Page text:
It’s important to note that the cooking time may vary depending on your oven and the thickness of your pork tenderloin. To ensure that your pork is cooked to the desired level of doneness, use a meat thermometer to check the internal temperature.
Once your pork tenderloin has reached the desired internal temperature, remove it from the oven and let it rest for at least 5 minutes before slicing. This allows the juices to redistribute throughout the meat and ensures that it stays moist and flavorful.
Grilling is another popular method for cooking pork tenderloin. To cook a 1.3 lb pork tenderloin on the grill, start by preheating the grill to a surface temperature of 450°F to 500°F, which is medium-high on most grills. Clean and oil the grates well to prevent sticking.
Trim the tenderloin of any excess fat and silver skin. Season with salt and black pepper or your desired seasonings. If you want to add extra flavor, you can marinate the pork tenderloin up to one day in advance with a maple-mustard marinade that takes seconds to stir together.
Place the seasoned tenderloin on the grill and let it sizzle with the lid shut for 7 minutes. Flip it over and let it grill for an additional 6 minutes with the lid shut. Now turn off the heat, and leave the lid closed for 4-5 minutes. Remove the tenderloin from heat when its internal temperature reaches 140°F, which will rise to 145°F during resting time.
It’s important to note that cooking time may vary depending on the weight and exact surface temperature of your grill. To ensure that your pork tenderloin is cooked to perfection, use an instant-read thermometer inserted in the center of the tenderloin to check its internal temperature.
Once your pork tenderloin is done cooking, remove it from the grill and let it rest for 7-8 minutes before slicing. This resting time allows the juices to reabsorb and redistribute throughout the meat, resulting in a more flavorful and juicy meal.
Slow Cooker Method
Another popular method for cooking a 1.3 lb pork tenderloin is using a slow cooker. This method is great for those who want to set it and forget it, allowing the pork to cook slowly and become incredibly tender.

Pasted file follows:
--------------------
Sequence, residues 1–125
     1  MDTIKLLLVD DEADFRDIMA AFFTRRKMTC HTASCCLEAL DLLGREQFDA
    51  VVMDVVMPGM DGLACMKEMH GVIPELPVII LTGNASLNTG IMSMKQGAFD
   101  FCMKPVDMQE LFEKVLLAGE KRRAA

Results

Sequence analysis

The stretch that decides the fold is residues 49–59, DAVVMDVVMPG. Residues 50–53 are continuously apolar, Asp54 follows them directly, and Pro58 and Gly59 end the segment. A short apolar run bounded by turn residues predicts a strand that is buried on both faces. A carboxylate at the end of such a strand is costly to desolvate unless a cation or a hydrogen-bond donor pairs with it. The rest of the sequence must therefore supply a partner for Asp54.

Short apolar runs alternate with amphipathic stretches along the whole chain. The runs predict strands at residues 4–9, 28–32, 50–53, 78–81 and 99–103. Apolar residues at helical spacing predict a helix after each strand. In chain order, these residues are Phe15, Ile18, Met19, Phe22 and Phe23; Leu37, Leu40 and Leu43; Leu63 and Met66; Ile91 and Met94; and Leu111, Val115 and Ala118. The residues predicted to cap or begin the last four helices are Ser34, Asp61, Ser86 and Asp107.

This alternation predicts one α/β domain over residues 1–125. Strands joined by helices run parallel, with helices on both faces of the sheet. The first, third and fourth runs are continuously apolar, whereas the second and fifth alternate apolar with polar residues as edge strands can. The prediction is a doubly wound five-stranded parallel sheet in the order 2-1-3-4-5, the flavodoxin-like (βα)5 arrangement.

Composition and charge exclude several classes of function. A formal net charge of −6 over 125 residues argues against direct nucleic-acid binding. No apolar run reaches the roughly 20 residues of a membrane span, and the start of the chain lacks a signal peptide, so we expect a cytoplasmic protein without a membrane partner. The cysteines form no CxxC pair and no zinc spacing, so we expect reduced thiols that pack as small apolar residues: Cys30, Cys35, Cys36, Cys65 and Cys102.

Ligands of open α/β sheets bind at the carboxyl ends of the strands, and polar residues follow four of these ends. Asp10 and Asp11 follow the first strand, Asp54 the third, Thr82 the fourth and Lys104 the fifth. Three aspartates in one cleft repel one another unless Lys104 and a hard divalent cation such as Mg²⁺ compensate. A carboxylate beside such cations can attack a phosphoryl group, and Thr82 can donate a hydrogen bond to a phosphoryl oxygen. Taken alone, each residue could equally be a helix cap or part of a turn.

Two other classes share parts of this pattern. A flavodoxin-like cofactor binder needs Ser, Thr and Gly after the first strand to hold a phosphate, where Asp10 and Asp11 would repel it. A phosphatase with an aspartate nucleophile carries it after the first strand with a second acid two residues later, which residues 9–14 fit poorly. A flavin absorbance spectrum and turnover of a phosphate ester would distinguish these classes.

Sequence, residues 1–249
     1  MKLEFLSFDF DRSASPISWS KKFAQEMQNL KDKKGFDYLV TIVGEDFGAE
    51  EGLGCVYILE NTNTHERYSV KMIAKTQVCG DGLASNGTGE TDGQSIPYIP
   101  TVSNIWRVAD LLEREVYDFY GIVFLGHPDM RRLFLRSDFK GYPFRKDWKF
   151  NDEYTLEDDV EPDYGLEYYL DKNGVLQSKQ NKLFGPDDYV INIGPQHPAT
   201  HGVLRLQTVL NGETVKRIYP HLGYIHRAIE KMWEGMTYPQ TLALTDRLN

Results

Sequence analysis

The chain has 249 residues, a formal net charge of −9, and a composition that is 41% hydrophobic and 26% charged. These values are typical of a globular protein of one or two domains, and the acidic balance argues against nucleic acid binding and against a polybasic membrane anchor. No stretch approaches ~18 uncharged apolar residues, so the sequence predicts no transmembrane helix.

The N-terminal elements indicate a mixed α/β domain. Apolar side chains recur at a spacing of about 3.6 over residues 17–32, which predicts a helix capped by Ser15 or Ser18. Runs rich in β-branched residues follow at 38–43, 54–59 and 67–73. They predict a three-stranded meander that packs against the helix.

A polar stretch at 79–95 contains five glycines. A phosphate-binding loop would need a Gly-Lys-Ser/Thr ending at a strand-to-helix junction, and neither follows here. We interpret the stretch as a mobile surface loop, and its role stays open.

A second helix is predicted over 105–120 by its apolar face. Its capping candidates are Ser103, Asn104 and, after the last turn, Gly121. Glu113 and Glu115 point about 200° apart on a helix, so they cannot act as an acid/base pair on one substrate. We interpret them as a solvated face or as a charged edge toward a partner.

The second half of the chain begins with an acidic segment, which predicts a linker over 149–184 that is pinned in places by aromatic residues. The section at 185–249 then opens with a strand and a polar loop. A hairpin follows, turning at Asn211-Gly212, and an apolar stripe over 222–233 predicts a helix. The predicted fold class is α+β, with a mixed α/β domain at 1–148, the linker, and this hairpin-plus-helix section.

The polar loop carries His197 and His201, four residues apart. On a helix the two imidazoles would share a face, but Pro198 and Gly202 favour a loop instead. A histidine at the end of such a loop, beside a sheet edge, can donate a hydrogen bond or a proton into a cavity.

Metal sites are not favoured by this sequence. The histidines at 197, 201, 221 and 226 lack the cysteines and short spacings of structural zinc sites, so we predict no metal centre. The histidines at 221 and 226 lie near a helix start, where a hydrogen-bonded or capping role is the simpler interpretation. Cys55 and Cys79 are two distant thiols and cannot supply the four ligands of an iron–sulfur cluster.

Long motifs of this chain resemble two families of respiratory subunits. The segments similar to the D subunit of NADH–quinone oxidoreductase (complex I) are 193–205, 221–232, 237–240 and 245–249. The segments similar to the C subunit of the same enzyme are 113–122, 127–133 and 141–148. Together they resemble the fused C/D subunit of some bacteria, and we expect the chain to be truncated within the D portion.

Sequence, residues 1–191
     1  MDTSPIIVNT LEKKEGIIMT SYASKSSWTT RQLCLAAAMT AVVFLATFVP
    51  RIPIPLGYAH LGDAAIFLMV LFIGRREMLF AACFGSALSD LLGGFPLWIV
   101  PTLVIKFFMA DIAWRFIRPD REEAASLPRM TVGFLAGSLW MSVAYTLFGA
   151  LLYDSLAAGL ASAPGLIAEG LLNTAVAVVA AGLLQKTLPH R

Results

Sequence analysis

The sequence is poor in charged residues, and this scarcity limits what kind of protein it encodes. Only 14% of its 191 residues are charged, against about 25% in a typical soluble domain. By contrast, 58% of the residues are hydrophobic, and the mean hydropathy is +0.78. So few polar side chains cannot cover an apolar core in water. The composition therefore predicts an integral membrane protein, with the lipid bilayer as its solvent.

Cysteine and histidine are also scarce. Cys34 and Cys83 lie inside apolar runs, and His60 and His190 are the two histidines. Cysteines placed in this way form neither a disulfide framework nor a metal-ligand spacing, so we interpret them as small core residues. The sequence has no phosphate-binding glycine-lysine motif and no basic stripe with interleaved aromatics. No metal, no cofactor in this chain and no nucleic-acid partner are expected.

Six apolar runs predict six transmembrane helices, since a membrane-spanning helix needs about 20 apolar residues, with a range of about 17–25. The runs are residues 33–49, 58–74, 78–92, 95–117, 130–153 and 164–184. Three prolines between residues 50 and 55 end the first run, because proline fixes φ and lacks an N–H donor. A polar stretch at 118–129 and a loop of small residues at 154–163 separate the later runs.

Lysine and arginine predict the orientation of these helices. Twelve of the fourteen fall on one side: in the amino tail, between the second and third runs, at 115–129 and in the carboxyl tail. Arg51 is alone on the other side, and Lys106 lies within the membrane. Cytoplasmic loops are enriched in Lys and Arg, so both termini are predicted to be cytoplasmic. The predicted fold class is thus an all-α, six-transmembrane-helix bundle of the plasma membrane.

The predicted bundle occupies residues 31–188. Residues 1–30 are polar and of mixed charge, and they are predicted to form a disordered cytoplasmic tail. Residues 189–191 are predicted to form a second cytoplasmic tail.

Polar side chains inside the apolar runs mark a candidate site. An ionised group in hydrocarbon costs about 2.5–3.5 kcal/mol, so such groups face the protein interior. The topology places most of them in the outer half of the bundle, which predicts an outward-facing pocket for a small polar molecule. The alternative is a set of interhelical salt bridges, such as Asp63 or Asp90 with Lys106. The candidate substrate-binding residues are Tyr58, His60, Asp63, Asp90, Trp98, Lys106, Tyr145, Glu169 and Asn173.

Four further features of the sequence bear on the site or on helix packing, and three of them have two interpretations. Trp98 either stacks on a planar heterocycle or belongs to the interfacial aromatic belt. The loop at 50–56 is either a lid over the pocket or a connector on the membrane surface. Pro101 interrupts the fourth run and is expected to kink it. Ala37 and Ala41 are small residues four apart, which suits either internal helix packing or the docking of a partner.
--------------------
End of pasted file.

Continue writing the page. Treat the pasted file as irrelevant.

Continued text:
To begin, season the pork tenderloin with your desired spices, such as salt, pepper, and Italian seasoning. Heat a tablespoon of olive oil in a pan over medium-high heat and sear the pork for 5-6 minutes per side until golden brown.
Next, mix together chicken broth, soy sauce, balsamic vinegar, brown sugar, and garlic in a small bowl. Place the seared pork tenderloin in the slow cooker and pour the sauce over it. Cut the pork tenderloin in half if needed to fit into your slow cooker. Cover the slow cooker and cook on low for 6-8 hours or on high for 4 hours.
Once the pork is cooked through and tender, remove it from the slow cooker and place it on a plate. Cover with foil to keep warm. Pour the liquid from the slow cooker into a pot and heat over medium heat to bring it to a simmer.
Mix cornstarch with 1/4 cup of cold water and add it to the pot to thicken the sauce. Cook for 1 minute or until the sauce has just thickened. Add butter to the pot and stir until melted. Slice or shred your pork tenderloin and pour the sauce over the top. Sprinkle with parsley and serve.
It’s important to note that since pork tenderloins cook quickly, it’s recommended to cook them on low in the slow cooker instead of high to avoid drying out the meat. Additionally, it’s crucial to use an instant-read thermometer to ensure that the internal temperature of the pork reaches at least 145°F before serving.